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DoubleTake: Fighter Within

Posted on August 21, 2013 AT 02:30am

Fight Club

Josh Since Fighter Within was just revealed for the first time, we should probably do a quick rundown of what the game actually is before we get started with our impressions. At the most basic level, it’s an Xbox Oneexclusive fighting game that uses Kinect gestures instead of button inputs. Since most human beings are (at least to my knowledge) incapable of performing Shoryukens, that means it’s pretty straightforward in terms of the move set. You’ve got high punches, low punches, haymakers, a high block, a low block, and a kick, all of which are performed by doing them pretty much exactly the way you would in real life. You can move forward and back by leaning, and there are some special moves—still pretty grounded—that you can perform by charging up a three-tiered “chi meter.” That’s accomplished by spreading your arms out in front of you, meaning you’re open to all attacks while you’re doing it. Since it’s so close, at least in theory, to a real-life fistfight, it struck me as much more bare bones than any fighting game I’ve ever played, but you’re definitely more familiar with the genre than I am, Ray. Is there anything out there that’s similar to Fighter Within in terms of its approach to combat?
In regards to celebrated franchises like TekkenMortal Kombat, or Street Fighter? No, you’ve hit the nail on the head. This is relatively barren in regards to special moves, combos, and the like. The only franchises Fighter Within reminded me of were similar Kinect-required motion games like PowerUp Heroes and Marvel Avengers: Battle for Earth, both of which were also Ubisoft games. Even those let you throw fireballs after a while, though. That, to me, is a problem. Fighter Within did nothing to make me feel special. I felt like I’d have had a better time actually pummeling you in the face than continuing to play this game—and I’d probably have been more successful, too. Ray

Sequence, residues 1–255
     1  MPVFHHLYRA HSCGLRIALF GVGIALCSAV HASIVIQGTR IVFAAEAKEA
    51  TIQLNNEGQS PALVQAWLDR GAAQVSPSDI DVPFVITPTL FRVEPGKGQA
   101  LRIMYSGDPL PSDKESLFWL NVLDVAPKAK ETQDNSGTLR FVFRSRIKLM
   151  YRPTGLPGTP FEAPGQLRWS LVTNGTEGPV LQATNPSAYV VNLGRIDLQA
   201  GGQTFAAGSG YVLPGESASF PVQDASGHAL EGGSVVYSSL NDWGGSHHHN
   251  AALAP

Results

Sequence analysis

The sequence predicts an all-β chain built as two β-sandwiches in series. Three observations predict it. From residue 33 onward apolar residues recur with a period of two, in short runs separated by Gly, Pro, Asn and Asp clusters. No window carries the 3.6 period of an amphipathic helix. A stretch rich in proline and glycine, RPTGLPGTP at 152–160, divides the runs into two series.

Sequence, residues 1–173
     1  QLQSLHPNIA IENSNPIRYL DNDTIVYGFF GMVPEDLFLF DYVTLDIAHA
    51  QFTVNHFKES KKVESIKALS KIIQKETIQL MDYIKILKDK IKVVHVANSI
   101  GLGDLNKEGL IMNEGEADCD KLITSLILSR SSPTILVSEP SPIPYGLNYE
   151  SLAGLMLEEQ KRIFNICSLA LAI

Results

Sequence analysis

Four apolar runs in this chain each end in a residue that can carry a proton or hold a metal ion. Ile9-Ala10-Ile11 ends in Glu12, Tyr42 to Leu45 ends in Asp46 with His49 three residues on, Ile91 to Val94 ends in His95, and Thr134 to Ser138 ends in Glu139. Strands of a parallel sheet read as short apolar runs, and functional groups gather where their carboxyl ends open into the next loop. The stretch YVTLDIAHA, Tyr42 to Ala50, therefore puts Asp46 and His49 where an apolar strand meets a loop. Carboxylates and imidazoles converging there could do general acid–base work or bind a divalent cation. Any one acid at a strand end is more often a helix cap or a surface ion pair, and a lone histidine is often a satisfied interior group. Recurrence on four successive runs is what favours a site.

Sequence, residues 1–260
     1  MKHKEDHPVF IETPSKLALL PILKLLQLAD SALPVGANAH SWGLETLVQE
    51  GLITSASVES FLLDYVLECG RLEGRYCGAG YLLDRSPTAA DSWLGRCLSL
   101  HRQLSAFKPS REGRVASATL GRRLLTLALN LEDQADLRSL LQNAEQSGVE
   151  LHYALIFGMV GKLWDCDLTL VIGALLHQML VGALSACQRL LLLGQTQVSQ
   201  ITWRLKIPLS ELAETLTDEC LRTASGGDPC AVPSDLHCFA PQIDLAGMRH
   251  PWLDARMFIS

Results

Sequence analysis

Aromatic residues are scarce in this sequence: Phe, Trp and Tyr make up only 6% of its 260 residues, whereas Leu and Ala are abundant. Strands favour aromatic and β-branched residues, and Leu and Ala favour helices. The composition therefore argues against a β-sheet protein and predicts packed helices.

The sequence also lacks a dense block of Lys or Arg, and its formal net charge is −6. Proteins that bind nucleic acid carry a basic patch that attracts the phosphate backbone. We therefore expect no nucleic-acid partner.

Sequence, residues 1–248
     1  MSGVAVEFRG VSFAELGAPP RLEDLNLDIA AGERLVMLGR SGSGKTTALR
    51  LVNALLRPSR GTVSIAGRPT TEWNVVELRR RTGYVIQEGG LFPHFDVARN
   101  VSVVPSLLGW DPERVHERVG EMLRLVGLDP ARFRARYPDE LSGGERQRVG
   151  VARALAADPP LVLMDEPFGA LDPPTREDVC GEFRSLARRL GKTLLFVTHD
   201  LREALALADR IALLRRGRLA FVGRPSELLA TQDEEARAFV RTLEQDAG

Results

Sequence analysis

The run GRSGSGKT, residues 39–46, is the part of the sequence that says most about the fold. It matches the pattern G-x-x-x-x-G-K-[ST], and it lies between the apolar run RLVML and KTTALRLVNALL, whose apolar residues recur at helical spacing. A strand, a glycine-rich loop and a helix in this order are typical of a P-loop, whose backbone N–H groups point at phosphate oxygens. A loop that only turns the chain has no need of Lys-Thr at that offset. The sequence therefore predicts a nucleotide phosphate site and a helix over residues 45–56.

Josh Oh, you’d definitely have been more successful, given the fact that I smashed you two matches in a row. Actually, it sounds more impressive if I say four rounds out of five, so let’s go with that. And the round you won was a pity round, and also, my nose itched, so I was distracted. But to get back on topic, I don’t know if the simplicity is that big of a turn-off for me. I like the idea of a more realistic fighting game if you’re going the motion-control route, since it negates the need to have arbitrary gestures. I know that you, me, and everyone else on the planet feels like Kinect is pointless if you’re just waving your arms around to input moves that could be done easier and more consistently with a controller. But that’s my exact problem with Fighter Within: It’s not directly replicating your movements in-game. It’s just waiting for you to do something, then translating that into an attack onscreen, like you’ve just pressed a button. That means that even if Kinect 2.0 is perfectly lag-free, you still don’t perform any attacks onscreen until you’ve completed them in the real world.